I like my SLRs with vertical grips. Every SLR I’ve had has had one except for the very first. So, when I purchased the Rebel T6, one of the first things I ordered was a vertical grip for it: the Vello BG-C7 battery grip.
First things first. I would normally order the Canon part for a Canon camera; however, Canon does not produce a vertical grip for the Rebel T6/EOS 1300D, which is unfortunate. The Vello grip does do everything it’s advertised to do. It provides extra grip area, a second shutter release, and space for two batteries. That’s about all.
Unfortunately, it’s not everything I’ve come to expect from a vertical grip attachment. This is a pretty simple item, so I’ll just cover it briefly.
First, It’s extremely lightweight, and doesn’t feel very sturdy. It’s entirely plastic, and quite simple in construction.
There -is- a slot for storing the battery cover door from the camera. This is a nice feature.
The wheel that tightens the ¼”x20 stud to the camera body has a break in it which is probably designed to prevent overtightening, but leaves the attachment feeling just a bit shaky.
The battery compartment is just a door on the back of the grip into which you can insert two batteries. Inside, there are only two contacts for each batter, and they are clearly wired in parallel, meaning that the camera operates from both batteries at once, rather than using power from one, then switching to the other when it’s discharged.
In order to use the shutter release, you have to connect a (supplied) cable with right-angle connectors between the camera grip and the camera body, which is an awkward arrangement that leaves both covers unfastened and subject to breakage. To be far, this is not really Vello’s fault. The T6 doesn’t provide any internal connection for a battery grip’s shutter release, so this is the only way to connect them.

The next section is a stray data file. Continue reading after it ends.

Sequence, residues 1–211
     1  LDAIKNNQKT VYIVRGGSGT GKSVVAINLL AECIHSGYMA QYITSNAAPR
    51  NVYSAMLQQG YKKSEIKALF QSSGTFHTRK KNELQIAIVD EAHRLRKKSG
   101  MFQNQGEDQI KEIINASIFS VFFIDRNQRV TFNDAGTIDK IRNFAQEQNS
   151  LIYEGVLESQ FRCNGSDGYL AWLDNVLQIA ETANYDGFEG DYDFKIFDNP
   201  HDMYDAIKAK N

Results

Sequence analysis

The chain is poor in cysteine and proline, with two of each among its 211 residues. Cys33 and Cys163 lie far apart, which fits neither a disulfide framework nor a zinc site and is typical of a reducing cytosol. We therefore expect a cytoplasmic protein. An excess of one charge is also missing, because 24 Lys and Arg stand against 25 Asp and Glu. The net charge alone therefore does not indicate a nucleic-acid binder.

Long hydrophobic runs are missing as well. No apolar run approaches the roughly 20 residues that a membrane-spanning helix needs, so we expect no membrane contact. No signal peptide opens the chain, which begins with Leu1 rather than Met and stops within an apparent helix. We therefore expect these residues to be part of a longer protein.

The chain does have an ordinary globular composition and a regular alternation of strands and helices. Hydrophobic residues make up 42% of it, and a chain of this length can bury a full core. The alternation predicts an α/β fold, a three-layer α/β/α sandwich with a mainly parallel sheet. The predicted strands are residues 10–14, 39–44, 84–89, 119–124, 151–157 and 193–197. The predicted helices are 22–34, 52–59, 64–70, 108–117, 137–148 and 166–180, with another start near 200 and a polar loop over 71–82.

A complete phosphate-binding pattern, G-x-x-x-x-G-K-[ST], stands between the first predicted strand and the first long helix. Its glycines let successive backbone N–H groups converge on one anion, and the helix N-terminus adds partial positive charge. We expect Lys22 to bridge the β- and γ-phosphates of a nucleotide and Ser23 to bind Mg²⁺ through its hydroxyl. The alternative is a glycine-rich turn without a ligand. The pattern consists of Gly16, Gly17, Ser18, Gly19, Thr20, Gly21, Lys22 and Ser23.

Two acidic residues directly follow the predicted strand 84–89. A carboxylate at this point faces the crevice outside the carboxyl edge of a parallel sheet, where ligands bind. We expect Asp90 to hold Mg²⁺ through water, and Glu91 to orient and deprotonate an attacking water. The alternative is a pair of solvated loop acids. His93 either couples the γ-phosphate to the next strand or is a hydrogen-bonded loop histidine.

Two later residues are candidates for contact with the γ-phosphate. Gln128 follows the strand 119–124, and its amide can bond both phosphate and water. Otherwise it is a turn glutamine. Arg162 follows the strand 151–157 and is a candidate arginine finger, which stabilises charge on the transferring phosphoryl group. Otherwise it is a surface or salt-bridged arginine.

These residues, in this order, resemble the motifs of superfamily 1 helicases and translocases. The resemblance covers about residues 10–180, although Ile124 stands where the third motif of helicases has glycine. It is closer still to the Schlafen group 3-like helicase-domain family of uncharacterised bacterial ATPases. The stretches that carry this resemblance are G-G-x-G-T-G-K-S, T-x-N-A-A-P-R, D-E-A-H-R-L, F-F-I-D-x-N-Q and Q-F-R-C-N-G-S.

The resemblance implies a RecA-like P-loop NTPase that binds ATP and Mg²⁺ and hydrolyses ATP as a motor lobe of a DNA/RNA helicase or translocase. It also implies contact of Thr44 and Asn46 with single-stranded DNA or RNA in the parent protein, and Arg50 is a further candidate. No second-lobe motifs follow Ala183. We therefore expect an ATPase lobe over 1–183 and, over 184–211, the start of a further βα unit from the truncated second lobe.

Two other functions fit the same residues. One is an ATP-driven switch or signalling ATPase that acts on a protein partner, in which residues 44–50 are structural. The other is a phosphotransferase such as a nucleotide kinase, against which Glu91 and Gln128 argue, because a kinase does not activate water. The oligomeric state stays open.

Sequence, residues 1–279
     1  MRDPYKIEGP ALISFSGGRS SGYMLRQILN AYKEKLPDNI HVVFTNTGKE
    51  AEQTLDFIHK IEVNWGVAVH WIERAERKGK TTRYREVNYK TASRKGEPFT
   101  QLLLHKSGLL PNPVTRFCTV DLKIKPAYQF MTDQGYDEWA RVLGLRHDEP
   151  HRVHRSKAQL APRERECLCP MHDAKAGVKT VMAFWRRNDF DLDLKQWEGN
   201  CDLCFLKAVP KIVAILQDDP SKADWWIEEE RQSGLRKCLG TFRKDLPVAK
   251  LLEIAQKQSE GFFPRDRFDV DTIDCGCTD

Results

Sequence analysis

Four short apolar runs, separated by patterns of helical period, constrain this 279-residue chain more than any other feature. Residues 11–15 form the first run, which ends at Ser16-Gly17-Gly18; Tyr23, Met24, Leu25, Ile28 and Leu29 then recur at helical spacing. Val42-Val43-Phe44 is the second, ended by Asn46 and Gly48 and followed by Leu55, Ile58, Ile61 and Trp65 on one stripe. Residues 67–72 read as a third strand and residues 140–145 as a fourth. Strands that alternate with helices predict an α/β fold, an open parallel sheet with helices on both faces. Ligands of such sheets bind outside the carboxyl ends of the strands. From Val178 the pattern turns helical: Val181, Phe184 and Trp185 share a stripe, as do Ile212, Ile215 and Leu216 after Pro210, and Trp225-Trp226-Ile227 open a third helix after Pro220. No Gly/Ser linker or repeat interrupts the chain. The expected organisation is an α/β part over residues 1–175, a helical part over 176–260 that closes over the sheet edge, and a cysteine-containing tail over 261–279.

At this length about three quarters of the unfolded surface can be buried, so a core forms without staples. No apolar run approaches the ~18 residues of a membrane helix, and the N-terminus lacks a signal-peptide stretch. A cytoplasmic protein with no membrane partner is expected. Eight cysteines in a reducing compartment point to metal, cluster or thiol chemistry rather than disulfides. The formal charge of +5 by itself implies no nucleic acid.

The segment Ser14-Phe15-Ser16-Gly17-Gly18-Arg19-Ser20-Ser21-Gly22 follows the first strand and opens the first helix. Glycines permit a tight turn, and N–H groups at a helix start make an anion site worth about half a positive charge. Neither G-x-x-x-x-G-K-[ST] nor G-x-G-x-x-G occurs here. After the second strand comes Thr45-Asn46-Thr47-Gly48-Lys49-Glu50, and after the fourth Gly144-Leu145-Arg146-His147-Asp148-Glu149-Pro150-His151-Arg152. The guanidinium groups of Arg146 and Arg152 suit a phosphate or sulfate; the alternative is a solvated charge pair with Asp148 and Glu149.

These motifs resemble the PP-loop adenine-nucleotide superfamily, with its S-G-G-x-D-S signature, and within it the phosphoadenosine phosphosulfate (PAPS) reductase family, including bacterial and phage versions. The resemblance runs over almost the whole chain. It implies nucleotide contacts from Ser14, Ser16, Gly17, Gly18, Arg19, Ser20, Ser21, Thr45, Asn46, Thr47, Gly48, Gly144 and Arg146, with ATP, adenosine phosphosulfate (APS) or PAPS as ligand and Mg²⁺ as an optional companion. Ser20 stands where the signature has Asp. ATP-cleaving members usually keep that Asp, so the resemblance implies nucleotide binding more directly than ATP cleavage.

There is no function dial on the battery grip. Again, this isn’t Vello’s fault, it’s a shortcoming of the design of the T6.
Vertical grips I’ve used in the past have always included an additional camera strap lug, and the Vello grip does, as well, though it’s in a somewhat strange place, partway down the bottom of the grip, rather than the corner, as with others. It’s okay, but not what I would prefer. In any case, given the seemingly shaky attachment of the vertical grip to the camera, I’m not sure I really trust hooking up a camera strap to it, anyway, and certainly not with any heavy or expensive glass attached to the camera.
In summary, the grip does everything it can reasonably be expected to do: grip surface, battery capacity, shutter release, strap attachment, and storing the camera’s battery compartment cover. And the price point (US$59.95 on B&H) isn’t crazy. On the down side, it’s pretty flimsy feeling in both construction and attachment, the electrical connections for the shutter release are really sub-standard, and it doesn’t offer what I’d consider standard features, mainly because it can’t include them due to the T6’s design. This is their offering for the T3 and T5, as well, so the same points apply.
My final verdict: don’t buy an EOS Rebel T6/EOS 1300D, spring for the T6s/760D or T6i/750D. They cost more but have substantially better features overall. If you do have a T6/1300D, and must have a vertical grip, then get this one, it’s better than nothing, and it’s really your only option.